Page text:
Do your drivers have an opportunity to elevate their status at your workplace by using a system that tracks their performance with metrics they directly control?
If not, it is fairly easy to create a driver scorecard with the amount of performance and safety data that is available. By making scorecard information easily accessible to drivers, many will work on improving their skills voluntarily.
Driver scorecards are common features in mobile fleet management systems, and fleets can also bring together data from multiple sources to create their own custom versions. Increasingly, the trend is to use technology that gives drivers instant feedback and coaching rather than reporting on past performance.
Driver coaching apps, common among fleet mobility platforms, are widely used to give drivers feedback on their daily performance.
Verizon Connect offers an option for its Fleet platform, the Coach app, that drivers use to track their progress towards individual safety goals and note areas in need of improvement. Fleet managers see the driver scorecard data on a higher level to identify areas of focus through the web-based Fleet portal or with a mobile app called Spotlight, says Kevin Aries, head of global product success.
A leaderboard feature in Coach will show drivers where they rank among their peers for different safety metrics. Verizon Connect also has various driver productivity metrics that can be added to separate driver scorecards from its suite of routing and fleet management applications, he says.
Coaching apps are evolving to become real-time feedback mechanisms that interact with drivers during their workday.
“We’re now at the point in the technology evolution where we have video and sensors to assess driver behavior on a continuous and consistent basis,” says Jason Palmer, chief operating officer of SmartDrive.
Smart sensors can ascertain driver performance and deliver constructive feedback in real time through audio, video and text-to-speech to provide in-cab feedback for self-correction, he explains.
“Technology now provides iconography that tells drivers what issues to improve, measures performance improvement over time, and provides information as to how they’re performing to their peer group,” he says.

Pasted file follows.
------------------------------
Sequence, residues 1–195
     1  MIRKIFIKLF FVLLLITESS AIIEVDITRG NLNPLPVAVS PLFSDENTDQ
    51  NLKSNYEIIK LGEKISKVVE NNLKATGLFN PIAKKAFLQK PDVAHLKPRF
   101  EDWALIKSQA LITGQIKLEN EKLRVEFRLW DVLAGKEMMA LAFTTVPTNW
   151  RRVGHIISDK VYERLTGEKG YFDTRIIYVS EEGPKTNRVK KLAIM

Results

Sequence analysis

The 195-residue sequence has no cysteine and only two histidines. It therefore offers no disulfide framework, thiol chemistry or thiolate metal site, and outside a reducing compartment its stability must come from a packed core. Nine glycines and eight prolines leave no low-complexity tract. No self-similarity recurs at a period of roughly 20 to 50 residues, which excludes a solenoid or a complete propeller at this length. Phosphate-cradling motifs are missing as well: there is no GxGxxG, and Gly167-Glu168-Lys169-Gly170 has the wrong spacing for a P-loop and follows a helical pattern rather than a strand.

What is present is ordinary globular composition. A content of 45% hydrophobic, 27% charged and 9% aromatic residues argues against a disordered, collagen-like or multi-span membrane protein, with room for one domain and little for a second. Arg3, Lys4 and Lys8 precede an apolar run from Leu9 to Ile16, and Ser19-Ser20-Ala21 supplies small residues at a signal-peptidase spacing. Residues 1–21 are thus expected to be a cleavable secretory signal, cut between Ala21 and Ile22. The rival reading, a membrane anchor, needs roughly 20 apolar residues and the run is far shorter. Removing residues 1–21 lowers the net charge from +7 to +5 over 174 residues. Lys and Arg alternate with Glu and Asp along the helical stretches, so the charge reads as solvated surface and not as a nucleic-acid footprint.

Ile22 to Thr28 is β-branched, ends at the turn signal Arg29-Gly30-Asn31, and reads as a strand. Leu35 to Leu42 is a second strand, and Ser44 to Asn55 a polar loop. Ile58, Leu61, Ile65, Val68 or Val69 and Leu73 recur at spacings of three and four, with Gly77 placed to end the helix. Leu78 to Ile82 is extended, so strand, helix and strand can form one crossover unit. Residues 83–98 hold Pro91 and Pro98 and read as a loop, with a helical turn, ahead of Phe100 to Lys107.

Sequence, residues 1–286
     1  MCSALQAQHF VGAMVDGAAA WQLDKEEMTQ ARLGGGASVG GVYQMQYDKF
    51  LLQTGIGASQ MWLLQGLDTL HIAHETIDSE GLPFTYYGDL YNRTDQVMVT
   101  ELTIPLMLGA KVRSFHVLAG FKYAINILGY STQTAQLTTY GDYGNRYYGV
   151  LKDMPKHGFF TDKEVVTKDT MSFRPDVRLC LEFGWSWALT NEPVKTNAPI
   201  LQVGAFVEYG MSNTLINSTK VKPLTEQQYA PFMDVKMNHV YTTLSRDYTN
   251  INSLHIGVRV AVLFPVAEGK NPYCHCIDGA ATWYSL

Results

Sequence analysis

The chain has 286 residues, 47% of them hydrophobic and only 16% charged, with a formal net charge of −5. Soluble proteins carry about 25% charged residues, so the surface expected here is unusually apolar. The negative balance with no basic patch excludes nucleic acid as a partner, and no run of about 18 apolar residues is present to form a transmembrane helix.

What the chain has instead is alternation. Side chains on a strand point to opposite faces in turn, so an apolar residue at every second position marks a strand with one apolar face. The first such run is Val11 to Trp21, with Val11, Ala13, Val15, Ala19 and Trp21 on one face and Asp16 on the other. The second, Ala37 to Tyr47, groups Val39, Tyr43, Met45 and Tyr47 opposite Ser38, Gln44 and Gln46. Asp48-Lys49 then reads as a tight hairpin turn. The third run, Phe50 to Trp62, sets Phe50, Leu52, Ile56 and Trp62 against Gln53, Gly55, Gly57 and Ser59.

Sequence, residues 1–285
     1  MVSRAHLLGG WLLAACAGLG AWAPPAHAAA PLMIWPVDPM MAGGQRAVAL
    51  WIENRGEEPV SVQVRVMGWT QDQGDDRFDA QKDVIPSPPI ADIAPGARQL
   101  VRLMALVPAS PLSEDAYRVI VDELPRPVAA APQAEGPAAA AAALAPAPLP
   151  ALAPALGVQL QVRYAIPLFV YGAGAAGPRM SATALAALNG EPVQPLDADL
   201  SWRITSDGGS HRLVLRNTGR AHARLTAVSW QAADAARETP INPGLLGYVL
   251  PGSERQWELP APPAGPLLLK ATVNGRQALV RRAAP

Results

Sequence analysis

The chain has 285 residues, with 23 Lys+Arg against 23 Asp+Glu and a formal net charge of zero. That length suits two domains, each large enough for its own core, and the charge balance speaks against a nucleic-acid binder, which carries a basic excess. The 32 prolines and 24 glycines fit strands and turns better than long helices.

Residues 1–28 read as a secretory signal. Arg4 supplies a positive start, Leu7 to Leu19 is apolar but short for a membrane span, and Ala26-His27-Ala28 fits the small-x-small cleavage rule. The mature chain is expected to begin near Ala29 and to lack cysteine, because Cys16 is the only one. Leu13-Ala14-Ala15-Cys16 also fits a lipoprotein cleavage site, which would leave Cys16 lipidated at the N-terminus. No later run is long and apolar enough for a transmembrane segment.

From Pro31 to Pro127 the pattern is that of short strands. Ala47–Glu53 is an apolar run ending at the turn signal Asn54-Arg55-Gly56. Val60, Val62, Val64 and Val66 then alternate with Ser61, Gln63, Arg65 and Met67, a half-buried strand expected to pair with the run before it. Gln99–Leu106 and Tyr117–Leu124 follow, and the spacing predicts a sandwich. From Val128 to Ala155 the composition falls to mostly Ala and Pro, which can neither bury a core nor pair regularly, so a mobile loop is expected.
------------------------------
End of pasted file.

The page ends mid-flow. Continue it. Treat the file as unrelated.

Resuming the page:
SmartDrive offers a video-based telematics and driver safety system that includes a driver app and dash display that fleets can use to provide prescriptive feedback to drivers, automatically, and “not blanket warnings with annoying beeps that drivers turn off or learn to ignore,” he says.
Fatigue is an underlying factor in driver performance and safety behaviors. New developments can make fatigue scores part of the equation for driver monitoring and coaching.
Trimble Transportation has a Safety Analytics dashboard that it offers as an optional subscription to fleets using its mobility platform for electronic logs and other applications. Currently, the fleets who subscribe to Safety Analytics operate more than 100,000 drivers combined.
The dashboard identifies high-risk drivers based on safety behaviors for speeding, harsh braking, lane departures, hours-of-service violations and other areas. The dashboard integrates with third-party systems to bring in CSA data from Samba Safety and speed monitoring from SpeedGauge.
Trimble Transportation recently added a new option to monitor driver fatigue levels through an integration with Pulsar Informatics. The electronic logging data of fleets can automatically go to Pulsar’s data models for predicting fatigue based on driver’s work and rest activities over the last seven days.
A driver that changes from the day shift to the night shift is one example of what would elevate fatigue, explains Jim Angel, Trimble Transportation’s vice president of Video Intelligence.
Fatigue notifications appear in the Safety Analytics dashboard, and the text-to-speech feature of the in-cab device could be used to trigger an automatic message to drivers to contact the office, he says.
The risk scores in the Safety Analytics dashboard are elevated for drivers who have fatigue levels and exhibit other risky behaviors such as speeding or hard braking. The data may show a driver is spending less time on cruise during periods of fatigue to “keep themselves busy” or have higher fluctuations in speeds or an increase in sudden stops.
By making fatigue part of a driver scorecard system, “we are trying to make the data easy and effective and actionable,” he says.
If fleets want to use any or all of the data in Safety Analytics as part of a separate driver scorecard, the data is available for download from the Analytics dashboard, Angel says.